New Israel Fund Grants Spark Human Rights Brouhaha


Charges that the New Israel Fund supports Israeli civil rights groups that played a key role in providing information highly critical of Israel’s role in the Gaza war last year have sparked a spirited, and nasty, debate over the proper role for civil and human rights groups in a democratic state.

A 131-page report, commissioned by a three-year-old Zionist group active on Israeli campuses, called Im Tirtzu, found that 16 Israeli human rights organizations provided 92 percent of the critical information used in the UN report written by South African jurist Richard Goldstone. All 16 are funded by the New Israel Fund (NIF) and include such groups as Breaking the Silence, B’Tselem and the Association for Civil Rights in Israel.

NIF, founded in 1979, is a philanthropy that funds mostly left-of-center human rights groups (as well as groups addressing other social issues) in Israel. Supporters say it promotes equal rights for all Israeli citizens; critics have accused it of supporting Israeli Arab groups that in turn encourage insurrection against the Zionist state.

“At the end of the day, we have a situation where Israelis are blaming their brothers of committing war crimes without any proof,” said Ronen Shoval, a graduate student and founder of Im Tirtzu. “They are lying. … And the NIF stands behind the Goldstone report. I can’t tell you how important it is that Jewish people in the United States understand that at the end of the day their money [to the NIF] helps Hamas.”

A spokeswoman for the New Israel Fund, Naomi Paiss, said that although her group took no position on the Goldstone report, it “is very proud of the groups we have supported. … Their reports were carefully documented and in some instances were the only available information out of Gaza because the international press and the Israeli press were kept out.

“Those human rights organizations are there to do a job,” she continued. “They reported on their concerns about the Gaza operation and were the first to declare that the Israeli government should launch an independent inquiry into the events of Gaza. Had that been done, perhaps there would not have been a Goldstone report.”

But Jacques Berlinerblau, director of the Program for Jewish Civilization at the Georgetown School of Foreign Service, said he believes there is a time and a place for self-criticism, and this might not be it.

“The perennial danger of Jewish self-criticism is that it gets used in a lopsided manner,” he explained. “If you have a completely imbalanced critical apparatus that only features criticism of Israel — and Israel as a nation can be criticized — it may not behoove these groups [to continue their criticism] when they are the only voices out there being critical. When you find critical Palestinian voices, they become useful. But if they are criticizing alone and their work is used in a skewed manner, I don’t know how much good they are doing for Israel.”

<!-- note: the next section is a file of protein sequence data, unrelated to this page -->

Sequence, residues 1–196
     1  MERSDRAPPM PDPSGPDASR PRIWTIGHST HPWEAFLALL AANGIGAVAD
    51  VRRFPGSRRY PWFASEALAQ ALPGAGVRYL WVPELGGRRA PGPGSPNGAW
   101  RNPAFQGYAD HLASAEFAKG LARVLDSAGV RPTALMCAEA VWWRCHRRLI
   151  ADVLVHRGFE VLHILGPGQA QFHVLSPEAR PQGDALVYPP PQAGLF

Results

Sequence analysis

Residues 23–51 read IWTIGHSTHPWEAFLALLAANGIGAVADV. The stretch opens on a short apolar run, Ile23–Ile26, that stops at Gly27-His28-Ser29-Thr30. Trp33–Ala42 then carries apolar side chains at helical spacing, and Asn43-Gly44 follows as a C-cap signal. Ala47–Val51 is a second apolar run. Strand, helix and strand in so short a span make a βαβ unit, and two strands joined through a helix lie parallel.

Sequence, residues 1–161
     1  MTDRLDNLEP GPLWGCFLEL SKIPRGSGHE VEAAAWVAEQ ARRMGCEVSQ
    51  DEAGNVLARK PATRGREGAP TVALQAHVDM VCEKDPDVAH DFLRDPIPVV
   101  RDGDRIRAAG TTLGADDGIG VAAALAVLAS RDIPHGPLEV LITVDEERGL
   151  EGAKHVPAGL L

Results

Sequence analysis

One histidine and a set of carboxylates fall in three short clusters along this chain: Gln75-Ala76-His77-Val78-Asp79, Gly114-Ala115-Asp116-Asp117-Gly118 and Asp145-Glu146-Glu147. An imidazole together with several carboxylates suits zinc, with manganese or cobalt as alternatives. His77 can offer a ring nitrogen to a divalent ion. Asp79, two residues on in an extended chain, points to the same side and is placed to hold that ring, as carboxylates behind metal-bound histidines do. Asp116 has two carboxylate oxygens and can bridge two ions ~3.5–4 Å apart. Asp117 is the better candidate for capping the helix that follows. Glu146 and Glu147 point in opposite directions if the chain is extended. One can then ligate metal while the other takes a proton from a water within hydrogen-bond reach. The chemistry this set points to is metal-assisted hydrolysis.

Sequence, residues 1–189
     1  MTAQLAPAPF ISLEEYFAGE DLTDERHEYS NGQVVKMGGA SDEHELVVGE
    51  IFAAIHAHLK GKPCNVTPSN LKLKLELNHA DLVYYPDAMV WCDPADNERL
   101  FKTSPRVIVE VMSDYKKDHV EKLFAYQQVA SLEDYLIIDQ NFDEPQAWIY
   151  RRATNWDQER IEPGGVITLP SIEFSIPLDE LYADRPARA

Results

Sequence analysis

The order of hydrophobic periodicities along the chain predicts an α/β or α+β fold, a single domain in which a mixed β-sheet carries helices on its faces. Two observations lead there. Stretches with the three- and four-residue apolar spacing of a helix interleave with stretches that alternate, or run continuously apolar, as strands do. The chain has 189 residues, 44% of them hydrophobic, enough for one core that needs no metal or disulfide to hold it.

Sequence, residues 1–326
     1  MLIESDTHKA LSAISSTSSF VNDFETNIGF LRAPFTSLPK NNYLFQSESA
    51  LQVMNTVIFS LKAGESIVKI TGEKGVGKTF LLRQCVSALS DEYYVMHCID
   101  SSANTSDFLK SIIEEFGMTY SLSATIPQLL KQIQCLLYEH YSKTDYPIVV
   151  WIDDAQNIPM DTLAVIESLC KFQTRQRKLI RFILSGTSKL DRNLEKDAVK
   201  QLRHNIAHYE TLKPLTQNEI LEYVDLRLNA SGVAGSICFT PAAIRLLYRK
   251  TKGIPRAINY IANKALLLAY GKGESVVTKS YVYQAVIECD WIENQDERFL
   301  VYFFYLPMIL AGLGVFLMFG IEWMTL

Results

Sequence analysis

Paiss insisted that these organizations “were acting out of love for Israel and loyalty to the values on which the state was founded. … They took a reasoned and thoughtful look at what happened in Gaza and put out reports that were then used as sources for Goldstone’s report.”

Shoval stressed the serious implications of the Goldstone report, noting that Israeli Prime Minister Benjamin Netanyahu said two months ago that the three major dangers facing Israel were the Iranian nuclear threat, the missile threat from Hamas and Hezbollah and the Goldstone report.

“Goldstone has become code for a much broader phenomenon: the attempt to negate the legitimacy of our right to self-defense,” Netanyahu said at the time.

Asked her reaction to claims that the Goldstone report is being used by Israel’s enemies to delegitimize the Jewish state, Paiss replied: “We are acutely aware that Israel has real enemies and that the work of human rights groups are used for their propaganda. … [But] you lose much more in a democracy when you shut down internal criticism out of fear that it would be used by people who hate you. If Israel gives in on basic democratic values, then it is really lost.”

The Im Tirtzu study found that without the NIF-funded NGOs’ reports, “Goldstone would have nothing on which to base most of the claims” he made against Israel.

“In recent years Israel has been increasingly accused of war crimes, and this allegation has become a type of new weapon among leftist organizations,” the study said. “In effect, a small group of leftist organizations that is financed by identical foreign sources has created international pressure that is seriously harming Israel in the diplomatic arena and challenges Israel’s legitimate right of self-defense in the future.”